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The Washington Monument lights up tonight. [Post]

Book of Mormon lands at the Kennedy Center this week, and Nelson Pressley tries to explain why the musical from the creators of South Park is so broadly popular. (Tickets for the KenCen run are almost completely sold out.) [Post]

If you wanna party with Folklife performers, head to the Key Bridge Marriott. [Post]

A miniprofile of an American chap who’s dedicated his life to Tuvan throat-singing and recently came to D.C. for the Folklife Festival [Post]

The Washington Performing Arts Society wins a National Medal of the Arts. [Post]

The Butler—-a film based on the life of a longtime White House butler—-must change its name to avoid confusion with a 1916 film that probably very few living people remember. [Post]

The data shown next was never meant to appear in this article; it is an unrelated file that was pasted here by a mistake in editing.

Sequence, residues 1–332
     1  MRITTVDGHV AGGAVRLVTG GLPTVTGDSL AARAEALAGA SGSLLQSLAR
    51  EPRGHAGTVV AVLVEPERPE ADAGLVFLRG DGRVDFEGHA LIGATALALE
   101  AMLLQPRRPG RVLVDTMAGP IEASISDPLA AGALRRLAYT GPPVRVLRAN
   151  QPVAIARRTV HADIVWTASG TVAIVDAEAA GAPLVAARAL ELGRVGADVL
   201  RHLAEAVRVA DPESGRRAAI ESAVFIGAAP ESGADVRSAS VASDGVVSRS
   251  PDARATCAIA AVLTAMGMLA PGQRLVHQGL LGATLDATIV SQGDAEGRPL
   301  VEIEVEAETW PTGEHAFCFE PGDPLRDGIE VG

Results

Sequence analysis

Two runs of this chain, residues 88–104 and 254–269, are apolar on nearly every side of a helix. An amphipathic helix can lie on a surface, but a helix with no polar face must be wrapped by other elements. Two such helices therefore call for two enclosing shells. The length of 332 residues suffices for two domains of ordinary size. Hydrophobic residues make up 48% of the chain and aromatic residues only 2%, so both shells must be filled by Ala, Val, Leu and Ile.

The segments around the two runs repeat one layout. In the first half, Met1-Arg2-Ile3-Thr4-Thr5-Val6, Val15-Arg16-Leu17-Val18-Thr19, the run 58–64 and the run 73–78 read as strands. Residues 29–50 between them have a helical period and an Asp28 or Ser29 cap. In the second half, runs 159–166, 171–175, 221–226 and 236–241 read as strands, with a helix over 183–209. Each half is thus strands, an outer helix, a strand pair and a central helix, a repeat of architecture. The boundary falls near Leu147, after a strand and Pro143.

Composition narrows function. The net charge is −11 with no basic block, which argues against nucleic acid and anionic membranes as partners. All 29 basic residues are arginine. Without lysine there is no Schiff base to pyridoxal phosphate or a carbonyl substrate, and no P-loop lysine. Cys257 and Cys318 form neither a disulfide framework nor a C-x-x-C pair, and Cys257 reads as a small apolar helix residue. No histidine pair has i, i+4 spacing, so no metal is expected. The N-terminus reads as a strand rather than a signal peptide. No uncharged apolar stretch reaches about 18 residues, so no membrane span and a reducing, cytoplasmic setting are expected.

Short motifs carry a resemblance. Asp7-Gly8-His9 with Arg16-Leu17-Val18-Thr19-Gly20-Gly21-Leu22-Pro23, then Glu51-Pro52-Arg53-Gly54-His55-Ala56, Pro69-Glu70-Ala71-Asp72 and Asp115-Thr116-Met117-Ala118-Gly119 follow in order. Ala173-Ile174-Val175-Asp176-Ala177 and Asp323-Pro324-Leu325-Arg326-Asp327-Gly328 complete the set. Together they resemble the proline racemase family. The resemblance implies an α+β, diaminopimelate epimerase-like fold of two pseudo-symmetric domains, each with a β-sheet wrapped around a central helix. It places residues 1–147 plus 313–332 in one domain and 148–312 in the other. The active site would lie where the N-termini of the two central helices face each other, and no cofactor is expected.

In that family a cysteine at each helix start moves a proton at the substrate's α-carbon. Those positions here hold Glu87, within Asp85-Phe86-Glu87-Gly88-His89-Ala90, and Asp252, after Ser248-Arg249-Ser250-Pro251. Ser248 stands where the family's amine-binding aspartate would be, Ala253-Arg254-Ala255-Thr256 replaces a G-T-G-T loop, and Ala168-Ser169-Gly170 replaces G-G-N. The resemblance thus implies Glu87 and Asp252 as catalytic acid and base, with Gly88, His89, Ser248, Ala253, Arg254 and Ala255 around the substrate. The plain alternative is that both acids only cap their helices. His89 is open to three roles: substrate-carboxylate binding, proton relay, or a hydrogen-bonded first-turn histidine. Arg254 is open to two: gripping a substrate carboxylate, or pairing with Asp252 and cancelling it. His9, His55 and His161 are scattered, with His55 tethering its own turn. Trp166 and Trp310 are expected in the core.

On the cover of this week’s New York Times magazine: an excerpt from Mark Leibovich‘s forthcoming book about Washington culture, This Town [New York Times]

Court hearing reveals that one witness has been key to the investigation of the March drive-by shooting that stemmed from a fight inside Fur nightclub. [Post]

The Capital Fringe festival takes on PTSD. [Post]

…and dancing. [Post]

Local Malian musician Cheick Hamala Diabate plays a Tiny Desk concert. [NPR]

Paula Deen brings buttery racism to D.C. this fall, y’all! [Post]

Drop Electric makes a soap opera-worthy music video. [Hometown Sounds via Pink Line Project]

The National Building Museum teaches kids about Shaw. [Post]

Moombahton creator Dave Nada drops a free “vibes” mix. [Moombahton]